• What I learned from workshops and networking will improve our work.
• New technology makes it easier to streamline workflows and testing.

My main focus was gaming. I wanted to learn more about creating fun and engaging campaigns for our clients. The SXSW Gaming Expo, a three-day event, included discussion panels, lectures and demos focused solely on games. It was jam-packed with game developers and designers from big, well-known gaming companies to small agencies and independents.  

Feasibility and marketing potential
The Indie Corner, my personal favorite area, featured highly focused games on mobile and tablet devices for app store distribution and marketing. I saw games that contained puzzles within puzzles and creative touch controls that far exceeded your typical swipes and pinches. It was a good chance to meet talented game-makers and pick their brains on how their companies are using games and gamification techniques. With the growing numbers of gamers in the U.S. both serious and casual (and Web browsing time going increasingly mobile), there’s a clear benefit of using games in marketing.

It’s becoming more feasible to deploy and embed games or game-like content across all computers and devices thanks to technologies such as HTML5. Rich banner ads are penetrating the massive touch-screen market. Using game mechanics within these ads will leave long-lasting impressions that far exceed the impact of static or simple animated ads.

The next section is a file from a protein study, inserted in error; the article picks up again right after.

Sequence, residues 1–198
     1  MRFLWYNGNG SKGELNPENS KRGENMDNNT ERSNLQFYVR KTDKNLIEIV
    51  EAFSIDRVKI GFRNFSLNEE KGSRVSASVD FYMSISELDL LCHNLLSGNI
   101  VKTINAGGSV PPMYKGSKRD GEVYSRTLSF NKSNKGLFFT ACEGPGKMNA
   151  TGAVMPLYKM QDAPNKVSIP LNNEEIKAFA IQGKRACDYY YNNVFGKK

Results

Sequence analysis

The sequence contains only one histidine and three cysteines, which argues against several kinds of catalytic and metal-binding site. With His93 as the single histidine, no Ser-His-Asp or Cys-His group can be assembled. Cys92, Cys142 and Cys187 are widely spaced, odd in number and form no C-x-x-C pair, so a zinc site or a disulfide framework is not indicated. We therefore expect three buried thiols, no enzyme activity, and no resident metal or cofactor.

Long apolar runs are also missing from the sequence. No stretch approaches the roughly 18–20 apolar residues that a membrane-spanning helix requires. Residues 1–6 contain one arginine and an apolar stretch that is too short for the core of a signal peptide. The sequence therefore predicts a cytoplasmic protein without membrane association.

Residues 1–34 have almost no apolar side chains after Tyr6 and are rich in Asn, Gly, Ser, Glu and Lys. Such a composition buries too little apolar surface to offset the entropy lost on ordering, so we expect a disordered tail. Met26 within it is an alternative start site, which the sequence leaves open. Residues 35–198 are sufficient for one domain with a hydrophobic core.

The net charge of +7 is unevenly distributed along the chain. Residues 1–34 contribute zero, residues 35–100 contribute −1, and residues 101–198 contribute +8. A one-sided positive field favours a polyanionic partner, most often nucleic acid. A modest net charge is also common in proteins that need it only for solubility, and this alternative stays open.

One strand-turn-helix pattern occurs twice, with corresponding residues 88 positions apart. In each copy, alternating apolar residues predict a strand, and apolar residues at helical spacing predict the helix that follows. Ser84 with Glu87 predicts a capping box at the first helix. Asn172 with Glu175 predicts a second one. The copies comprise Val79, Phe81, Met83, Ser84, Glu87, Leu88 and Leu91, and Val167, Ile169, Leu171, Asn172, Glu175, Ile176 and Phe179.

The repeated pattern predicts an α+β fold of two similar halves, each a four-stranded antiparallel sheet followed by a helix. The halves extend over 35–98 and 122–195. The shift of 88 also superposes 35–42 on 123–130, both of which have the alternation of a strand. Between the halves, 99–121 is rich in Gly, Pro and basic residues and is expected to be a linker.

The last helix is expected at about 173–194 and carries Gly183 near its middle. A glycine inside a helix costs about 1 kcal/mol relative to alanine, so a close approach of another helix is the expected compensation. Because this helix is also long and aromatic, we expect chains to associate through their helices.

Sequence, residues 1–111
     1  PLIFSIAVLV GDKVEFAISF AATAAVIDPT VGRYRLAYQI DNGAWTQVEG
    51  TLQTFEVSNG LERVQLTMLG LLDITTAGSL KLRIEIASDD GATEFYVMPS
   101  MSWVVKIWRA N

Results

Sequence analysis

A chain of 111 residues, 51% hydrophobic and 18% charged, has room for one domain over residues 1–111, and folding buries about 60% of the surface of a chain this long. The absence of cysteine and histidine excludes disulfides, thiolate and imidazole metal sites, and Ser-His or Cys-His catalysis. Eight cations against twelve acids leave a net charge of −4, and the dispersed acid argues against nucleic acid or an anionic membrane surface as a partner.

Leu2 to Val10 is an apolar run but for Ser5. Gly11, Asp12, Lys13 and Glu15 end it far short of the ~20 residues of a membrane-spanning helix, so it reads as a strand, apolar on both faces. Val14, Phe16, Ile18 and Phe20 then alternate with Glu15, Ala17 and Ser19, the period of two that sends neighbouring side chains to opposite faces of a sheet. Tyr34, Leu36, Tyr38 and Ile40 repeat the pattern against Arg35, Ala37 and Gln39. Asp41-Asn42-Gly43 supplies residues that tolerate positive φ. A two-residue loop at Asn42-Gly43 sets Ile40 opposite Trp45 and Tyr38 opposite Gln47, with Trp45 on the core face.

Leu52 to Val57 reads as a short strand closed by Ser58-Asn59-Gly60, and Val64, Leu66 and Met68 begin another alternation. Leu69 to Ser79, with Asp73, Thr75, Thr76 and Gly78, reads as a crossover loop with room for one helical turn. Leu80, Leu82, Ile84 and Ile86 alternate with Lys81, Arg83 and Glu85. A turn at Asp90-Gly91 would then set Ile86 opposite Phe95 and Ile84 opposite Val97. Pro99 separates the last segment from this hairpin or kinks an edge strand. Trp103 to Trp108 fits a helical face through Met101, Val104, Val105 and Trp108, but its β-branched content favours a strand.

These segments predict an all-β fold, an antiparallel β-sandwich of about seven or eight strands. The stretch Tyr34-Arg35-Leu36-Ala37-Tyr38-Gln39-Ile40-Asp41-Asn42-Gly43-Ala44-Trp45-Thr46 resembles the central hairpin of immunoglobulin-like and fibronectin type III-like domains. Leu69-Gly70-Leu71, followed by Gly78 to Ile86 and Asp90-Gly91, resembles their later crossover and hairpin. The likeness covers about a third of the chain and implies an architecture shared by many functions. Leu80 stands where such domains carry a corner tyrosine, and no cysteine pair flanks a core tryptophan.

Virtual reality potential
Aside from learning how gaming pertains to work, I enjoyed trying out new hardware. One of the most exciting innovations in gaming today is the Oculus Rift. This virtual reality headset is sure to be the next big thing in gaming and simulations. I had a chance to demo a game built for the headset and was amazed at its progress and potential. Every inch of my visuals was covered in computer space while I peddled along on a stationary bike delivering virtual newspapers. It certainly will shake things up in the industry within the next couple of years.

Panels and workshops
I attended panel discussions focused primarily on new and current technologies. Through discussions and debates, industry leaders demonstrated how we can build better websites and applications.

Click to read more ...


New leader looks to strengthen BBN’s global reach 

Agency work is demanding enough. Now try coordinating the efforts of more than a dozen agencies worldwide.

That’s the challenge for Annette Fernandes-Poyser, the recently named executive director of the Business to Business Network (BBN), a global network of industry-leading independent B2B agencies. The network offers B2B marketing communications solutions from member agencies that follow common practices when the companies collaborate on campaigns and projects.

Bader Rutter is a key member of the network. BR’s Curtis Gorrell is a BBN executive-board member.

Annette brings strong leadership skills to the team and more than 20 years of experience on both the client and agency side.  After growing up and attending school in the UK, she moved to the Middle East and has been working there since 1996.

BBN is shifting its operational base, BBN Central, from London to Dubai, where Annette and BBN’s executive chairman, Clif Collier, are located. To ensure BBN’s future success, she intends to focus on recruiting new member agencies, improving international client engagement, and creating unison among member agencies.